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Scientology has suddenly made lots of news lately — without the usual focus on Tom Cruise, John Travolta, and the religion’s other celebrity adherents. Last month, newsrooms were buzzing about the church hiring three investigative reporters, including a Pulitzer Prize winner, to critique the St. Petersburg Times’ coverage of the Florida-based church. A few days ago, the Sunday New York Times ran a front-page story reporting on ex-Scientologists who accuse church leaders of abusing the staff psychologically, physically and financially.

As a GetReligion blogger points out, coverage of Scientology isn’t necessarily balanced, focusing more on the faith’s science fiction roots (aliens are involved) than any positive contributions its members have made. But as a religion reporter, I can vouch for the fact that this church just doesn’t provide the kind of access that journalists routinely get from other faiths. (Undercover reporting has its place – check out this NYT piece from November for a peek inside the church’s Manhattan center – but it’s not a great way to cultivate a beat.) Basically, Scientology hits all three categories that make religions wary of the press: it’s tiny, it’s young, and it’s secretive. This recent surge in stories may simply reflect that the group has now been around long enough to have defectors, and to become more media-savvy.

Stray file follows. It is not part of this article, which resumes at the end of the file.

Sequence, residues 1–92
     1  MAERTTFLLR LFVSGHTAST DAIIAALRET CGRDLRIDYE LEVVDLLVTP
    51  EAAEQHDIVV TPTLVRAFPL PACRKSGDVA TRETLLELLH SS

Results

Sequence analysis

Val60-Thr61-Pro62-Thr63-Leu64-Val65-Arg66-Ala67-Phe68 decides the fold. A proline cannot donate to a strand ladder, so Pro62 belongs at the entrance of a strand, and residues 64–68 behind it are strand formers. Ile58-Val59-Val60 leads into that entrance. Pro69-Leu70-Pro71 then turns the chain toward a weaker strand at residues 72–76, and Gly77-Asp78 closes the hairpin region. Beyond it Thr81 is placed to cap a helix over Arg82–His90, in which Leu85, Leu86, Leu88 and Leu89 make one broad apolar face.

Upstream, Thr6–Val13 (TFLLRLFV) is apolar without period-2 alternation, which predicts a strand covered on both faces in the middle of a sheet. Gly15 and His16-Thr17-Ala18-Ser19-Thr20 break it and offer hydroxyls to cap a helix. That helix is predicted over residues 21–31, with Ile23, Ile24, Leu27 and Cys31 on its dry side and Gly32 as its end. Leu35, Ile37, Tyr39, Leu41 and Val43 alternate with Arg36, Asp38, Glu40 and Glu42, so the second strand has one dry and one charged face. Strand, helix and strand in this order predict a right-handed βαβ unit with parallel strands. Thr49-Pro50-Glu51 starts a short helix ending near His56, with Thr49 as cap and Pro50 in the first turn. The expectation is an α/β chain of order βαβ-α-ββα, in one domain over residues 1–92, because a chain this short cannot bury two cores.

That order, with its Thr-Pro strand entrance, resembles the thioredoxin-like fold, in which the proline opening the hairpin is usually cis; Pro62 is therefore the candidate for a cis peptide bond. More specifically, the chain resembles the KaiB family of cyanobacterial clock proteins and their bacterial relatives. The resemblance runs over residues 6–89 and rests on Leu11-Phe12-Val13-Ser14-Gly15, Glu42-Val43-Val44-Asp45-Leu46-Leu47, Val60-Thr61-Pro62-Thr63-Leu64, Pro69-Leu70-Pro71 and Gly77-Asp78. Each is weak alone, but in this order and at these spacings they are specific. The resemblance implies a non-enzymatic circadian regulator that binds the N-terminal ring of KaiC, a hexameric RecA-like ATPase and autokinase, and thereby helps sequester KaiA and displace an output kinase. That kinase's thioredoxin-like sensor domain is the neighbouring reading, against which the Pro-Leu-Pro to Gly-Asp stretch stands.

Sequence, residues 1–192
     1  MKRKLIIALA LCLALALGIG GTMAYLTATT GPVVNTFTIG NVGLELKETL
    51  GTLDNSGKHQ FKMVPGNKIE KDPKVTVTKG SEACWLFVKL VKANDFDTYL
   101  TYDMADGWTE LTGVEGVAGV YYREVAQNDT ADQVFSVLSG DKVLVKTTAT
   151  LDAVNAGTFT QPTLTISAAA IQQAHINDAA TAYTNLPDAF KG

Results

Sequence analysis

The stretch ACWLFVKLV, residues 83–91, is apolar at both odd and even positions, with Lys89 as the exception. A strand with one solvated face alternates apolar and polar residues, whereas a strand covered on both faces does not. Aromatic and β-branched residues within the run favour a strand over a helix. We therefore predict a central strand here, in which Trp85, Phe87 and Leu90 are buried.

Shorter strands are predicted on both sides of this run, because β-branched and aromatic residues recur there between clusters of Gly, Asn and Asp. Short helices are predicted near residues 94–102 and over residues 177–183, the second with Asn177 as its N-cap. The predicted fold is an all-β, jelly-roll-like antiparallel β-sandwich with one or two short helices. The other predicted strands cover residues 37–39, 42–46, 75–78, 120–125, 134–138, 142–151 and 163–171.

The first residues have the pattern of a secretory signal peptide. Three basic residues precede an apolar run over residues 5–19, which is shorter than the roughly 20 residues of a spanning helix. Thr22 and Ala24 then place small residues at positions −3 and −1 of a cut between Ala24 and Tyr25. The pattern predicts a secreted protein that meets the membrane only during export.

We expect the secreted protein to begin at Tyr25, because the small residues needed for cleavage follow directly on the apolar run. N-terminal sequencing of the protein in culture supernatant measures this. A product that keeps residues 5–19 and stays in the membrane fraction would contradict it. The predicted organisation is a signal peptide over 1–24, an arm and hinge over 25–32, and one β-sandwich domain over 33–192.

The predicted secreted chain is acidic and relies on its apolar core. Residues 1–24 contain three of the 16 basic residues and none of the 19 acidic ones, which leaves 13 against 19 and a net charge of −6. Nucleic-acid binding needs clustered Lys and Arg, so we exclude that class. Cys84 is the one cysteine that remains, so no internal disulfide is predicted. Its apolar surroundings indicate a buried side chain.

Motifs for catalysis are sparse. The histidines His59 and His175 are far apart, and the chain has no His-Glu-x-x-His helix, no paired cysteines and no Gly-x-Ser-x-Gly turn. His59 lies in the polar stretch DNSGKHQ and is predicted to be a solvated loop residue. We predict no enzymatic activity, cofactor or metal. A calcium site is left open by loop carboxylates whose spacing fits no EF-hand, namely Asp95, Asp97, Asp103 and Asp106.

What do you think?

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